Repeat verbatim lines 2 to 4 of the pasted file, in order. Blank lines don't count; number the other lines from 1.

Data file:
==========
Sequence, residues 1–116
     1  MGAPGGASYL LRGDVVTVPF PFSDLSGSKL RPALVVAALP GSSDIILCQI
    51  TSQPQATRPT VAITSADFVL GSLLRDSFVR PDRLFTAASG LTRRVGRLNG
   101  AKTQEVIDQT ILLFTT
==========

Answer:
     1  MGAPGGASYL LRGDVVTVPF PFSDLSGSKL RPALVVAALP GSSDIILCQI
    51  TSQPQATRPT VAITSADFVL GSLLRDSFVR PDRLFTAASG LTRRVGRLNG
   101  AKTQEVIDQT ILLFTT